Once I was trying on Food 4 Less for size and schlepping to the Pasadena Ralphs only for the cats’ mandatory Fancy Feast, my understanding of how uniquely evocative supermarkets are in L.A.’s cultural sociology got more acute in a hurry. It’s not just that Angelenos’ range of options is both more varied and more unabashedly stratified than most of the country’s, turning the logo on our grocery bags into a social signifier outdone only by the car we stick them in. It’s also the way the activity can sometimes feel like a reminder that we live in Los Angeles and nowhere else. In no other context is our particular bubble of the city on similar display in the public arena.
Since supermarkets prosper by providing an ultra-Californian contradiction in terms—flatteringly customized herd-think—it’s tempting to guess the concept was invented here. It wasn’t, though. We owe the blueprint for the modern supermarket to Clarence Saunders’s Piggly Wiggly, launched back in 1916 in Memphis. But L.A.’s sheer sprawl and unprecedented confusion of urban and suburban lifestyles definitely made the idea catch on fast. Ralphs and Vons both expanded from their original solo downtown locations to local and then regional chains as early as the 1920s, making them indigenous in a way that Whole Foods and Albertsons—let alone Aldi—are not. It isn’t totally inappropriate that a venerable Vons stands opposite the site of the long-gone Babylon set for D.W. Griffith’s Intolerance, also from 1916. In their different ways, both represent the city’s century-old affinity for novelty.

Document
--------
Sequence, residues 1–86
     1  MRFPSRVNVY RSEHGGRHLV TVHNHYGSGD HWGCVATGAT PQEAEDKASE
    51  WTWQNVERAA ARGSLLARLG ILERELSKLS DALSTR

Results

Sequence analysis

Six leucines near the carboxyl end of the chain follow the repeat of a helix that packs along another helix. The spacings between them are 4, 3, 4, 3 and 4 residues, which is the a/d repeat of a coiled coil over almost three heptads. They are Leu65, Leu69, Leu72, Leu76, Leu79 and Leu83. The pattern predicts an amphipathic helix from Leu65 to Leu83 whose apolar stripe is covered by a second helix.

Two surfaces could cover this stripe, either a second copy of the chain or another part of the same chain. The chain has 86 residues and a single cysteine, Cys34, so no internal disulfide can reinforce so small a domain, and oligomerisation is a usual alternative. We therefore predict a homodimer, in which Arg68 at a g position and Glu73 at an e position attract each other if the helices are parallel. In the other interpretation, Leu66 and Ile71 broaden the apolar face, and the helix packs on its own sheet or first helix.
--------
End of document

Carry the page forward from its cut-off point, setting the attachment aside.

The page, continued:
So, of course, does Pasadena-born Trader Joe’s, whose eventual decision to go bad and nationwide was my education in the limits of what’s exportable about its character. In Virginia, where I once saw something like 100 expat Californians lined up for a TJ’s opening as if it were a rocket ship carrying them back to L.A., you can get the same house-brand foodstuffs. But you can’t buy Vodka of the Gods, which has always exemplified Trader Joe’s rash streak for me. The chain’s most distinctively Angeleno innovation was to target a sensibility as much as a budget, or rather to concoct a bogus one that added charm and cachet to the off-brand bargain hunting that TJ’s increasingly dispenses with as an inducement to shop there.